review
By Daniel Witkin | August 26, 2015

Though the film’s tonal range might be shifted toward the ambiguous and threatening, Perry’s dark humor remains in effect, and his characters’ ominously suggestive utterances harbor comic irony no less than menace.

video
By Michael Koresky, Jeff Reichert | August 26, 2015

The ghosts of summers past haunt 2015 in this action-packed, star-studded new Reverse Shot Movie by Jeff Reichert and Michael Koresky.

feature
By Matt Connolly | August 20, 2015
See It Big

Directors Robert Wise and Jerome Robbins (who translated his original stage choreography to the screen) fill their 70mm frame with ecstatic movement, operatic emotion, and brilliant color: it’s a dazzling Hollywood spectacle yet it still retains a remarkable delicacy and texture.

review
By Jeff Reichert | August 14, 2015

In constructing his film in this fashion, Sauper reminds that “characters” are the provenance of fiction, while “people” should be the stuff of documentary films. Thus he doesn’t make an effort to stretch and shape his subjects’ lives to conform to preconceived narrative expectations.

review
By Vadim Rizov | August 14, 2015

Even if the film builds to a shrug, Baumbach is working at an increasingly sophisticated craft and dialogue level from moment to moment. Endless amounts of near-uniformly quotable dialogue come out at a clip only a shorthand writer could keep pace with.

feature
By Eric Hynes | August 12, 2015
Festival Dispatch

What started in 1994 as a two-day, modestly attended, parochially English affair has, in the decades following, tripled in length, welcomes more than ten times the number of visitors, and is now a tent-pole event on the international documentary industry calendar.

review
By Jeff Reichert | August 11, 2015

In a moment when documentary film seems back under the thrall of all things cinema vérité, How to Smell a Rose is a terrific reminder that vérité is not merely the avoidance of interviewing subjects on camera, the eschewal of tripods and lighting, or acting the proverbial “fly on the wall.”

feature
By Nick Pinkerton | August 7, 2015
At the Museum

The wide-gauge format 70mm reached its greatest popularity in the 1950s amid a boom of new innovations intended to reverse the fortunes of foundering Hollywood studios; for a time, they even appeared to have done the trick. But every great reign is followed by an epoch of decadence . . .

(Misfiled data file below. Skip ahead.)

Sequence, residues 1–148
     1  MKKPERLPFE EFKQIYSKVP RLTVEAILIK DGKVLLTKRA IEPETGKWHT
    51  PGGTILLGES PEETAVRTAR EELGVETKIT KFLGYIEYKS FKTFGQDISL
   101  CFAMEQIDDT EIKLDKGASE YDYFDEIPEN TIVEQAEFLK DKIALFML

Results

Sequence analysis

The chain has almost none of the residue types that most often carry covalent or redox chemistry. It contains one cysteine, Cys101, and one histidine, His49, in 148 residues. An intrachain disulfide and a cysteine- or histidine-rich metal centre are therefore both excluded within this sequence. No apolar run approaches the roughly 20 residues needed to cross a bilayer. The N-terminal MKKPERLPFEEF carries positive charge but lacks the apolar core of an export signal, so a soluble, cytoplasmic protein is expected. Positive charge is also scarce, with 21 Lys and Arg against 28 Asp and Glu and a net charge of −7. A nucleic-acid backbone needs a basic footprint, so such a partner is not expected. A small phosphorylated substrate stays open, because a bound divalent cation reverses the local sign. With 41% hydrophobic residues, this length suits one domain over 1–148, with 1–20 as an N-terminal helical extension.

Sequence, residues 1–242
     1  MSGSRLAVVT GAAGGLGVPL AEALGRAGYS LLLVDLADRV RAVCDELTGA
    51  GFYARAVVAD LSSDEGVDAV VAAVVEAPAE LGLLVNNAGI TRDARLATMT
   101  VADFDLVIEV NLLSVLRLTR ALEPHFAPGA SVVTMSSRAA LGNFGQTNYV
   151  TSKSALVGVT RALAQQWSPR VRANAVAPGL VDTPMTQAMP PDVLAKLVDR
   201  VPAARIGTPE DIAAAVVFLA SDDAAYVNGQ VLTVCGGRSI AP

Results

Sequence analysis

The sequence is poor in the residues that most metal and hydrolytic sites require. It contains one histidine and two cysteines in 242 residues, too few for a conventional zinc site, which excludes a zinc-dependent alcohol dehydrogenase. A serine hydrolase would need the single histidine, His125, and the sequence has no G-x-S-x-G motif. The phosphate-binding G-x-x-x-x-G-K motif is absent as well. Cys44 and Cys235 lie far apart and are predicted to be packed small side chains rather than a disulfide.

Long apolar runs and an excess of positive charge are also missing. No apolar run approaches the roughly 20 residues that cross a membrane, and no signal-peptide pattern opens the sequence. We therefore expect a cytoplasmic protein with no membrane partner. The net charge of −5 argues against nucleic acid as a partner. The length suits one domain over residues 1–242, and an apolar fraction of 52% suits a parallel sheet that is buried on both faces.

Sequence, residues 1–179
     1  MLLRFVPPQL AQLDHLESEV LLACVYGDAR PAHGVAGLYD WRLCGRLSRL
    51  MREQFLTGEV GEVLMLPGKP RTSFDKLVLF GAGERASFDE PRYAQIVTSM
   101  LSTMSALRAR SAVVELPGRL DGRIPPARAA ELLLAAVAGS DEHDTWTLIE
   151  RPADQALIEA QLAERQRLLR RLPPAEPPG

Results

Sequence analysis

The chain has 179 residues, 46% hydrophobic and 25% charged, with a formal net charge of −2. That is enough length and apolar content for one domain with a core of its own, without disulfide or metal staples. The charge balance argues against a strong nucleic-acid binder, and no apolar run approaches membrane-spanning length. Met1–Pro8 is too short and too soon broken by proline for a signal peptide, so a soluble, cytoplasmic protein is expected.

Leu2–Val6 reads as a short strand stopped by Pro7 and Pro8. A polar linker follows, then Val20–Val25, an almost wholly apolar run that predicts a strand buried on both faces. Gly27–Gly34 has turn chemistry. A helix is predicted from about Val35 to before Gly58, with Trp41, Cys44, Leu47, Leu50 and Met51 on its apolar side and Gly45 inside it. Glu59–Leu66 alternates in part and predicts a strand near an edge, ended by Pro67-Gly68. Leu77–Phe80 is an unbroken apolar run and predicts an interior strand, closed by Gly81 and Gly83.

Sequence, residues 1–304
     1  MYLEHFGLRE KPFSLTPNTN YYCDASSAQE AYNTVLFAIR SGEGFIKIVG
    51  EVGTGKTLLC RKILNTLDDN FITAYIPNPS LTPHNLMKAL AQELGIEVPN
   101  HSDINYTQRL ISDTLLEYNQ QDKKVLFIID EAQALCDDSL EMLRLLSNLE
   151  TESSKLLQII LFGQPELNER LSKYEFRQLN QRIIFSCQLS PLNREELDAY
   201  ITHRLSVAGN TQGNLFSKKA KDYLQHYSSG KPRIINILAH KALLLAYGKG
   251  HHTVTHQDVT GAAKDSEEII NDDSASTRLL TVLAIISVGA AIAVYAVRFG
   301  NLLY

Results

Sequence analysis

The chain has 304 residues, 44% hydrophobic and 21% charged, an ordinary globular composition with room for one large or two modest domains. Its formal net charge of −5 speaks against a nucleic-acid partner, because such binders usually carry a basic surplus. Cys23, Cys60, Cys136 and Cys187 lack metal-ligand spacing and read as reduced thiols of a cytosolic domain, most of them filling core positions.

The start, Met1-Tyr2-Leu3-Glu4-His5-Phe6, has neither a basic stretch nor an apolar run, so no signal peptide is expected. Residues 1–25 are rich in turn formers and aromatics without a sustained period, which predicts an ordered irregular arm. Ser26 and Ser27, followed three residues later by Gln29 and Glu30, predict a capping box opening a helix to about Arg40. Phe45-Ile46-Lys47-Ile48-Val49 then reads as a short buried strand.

feature
By Jackson Arn | August 7, 2015
See It Big

Brainstorm is a special-effects film in the sense that it contains more than its fair share of visual trickery but also because it’s concerned with the people and institutions that develop that trickery.

interview
By Daniel Witkin | August 5, 2015

“We were living everything at the same time and with the same intensity, without priorities or differences—a photograph by Frank or Walker Evans would have the exact same power for us as a film by Godard or John Ford or a song by Wire, the Clash, or Gang of Four.”

feature
By Michael Pattison | August 3, 2015

Though Sergei Loznitsa has made eighteen films since 1996, delineating a logical arc in his career—as one might have attempted to doduring a full retrospective at Crossing Europe Filmfestival Linz this past April—isn’t easy.

review
By Jeff Reichert | July 29, 2015

Were these poses merely all part of a larger, calculated performance Marlon gave in service of the role of his lifetime: that of “Brando”?

review
By Michael Koresky | July 24, 2015

Phoenix is a gorgeously odd film, a quietly symphonic elegy fueled by a magnificently preposterous plot that ends up as something like a cross between Roberto Rossellini’s Stromboli and Hitchcock’s Vertigo—but communicated through the specific experience of Jewish-German identity.

review
By Leo Goldsmith | July 22, 2015

All plot synopses are necessarily attenuations, but for Horse Money any summary feels especially futile, or even violent, a crude reduction of its complex network of impossible geographies, fuzzy memories, and jumbled chronologies.

review
By Michael Koresky | July 20, 2015

Woody Allen’s latest, Irrational Man, is, whether one accepts or rejects its brutal fatalism, a totalizing aesthetic experience that provides evidence that this seventy-nine-year-old is a craftsman we should still be paying attention to.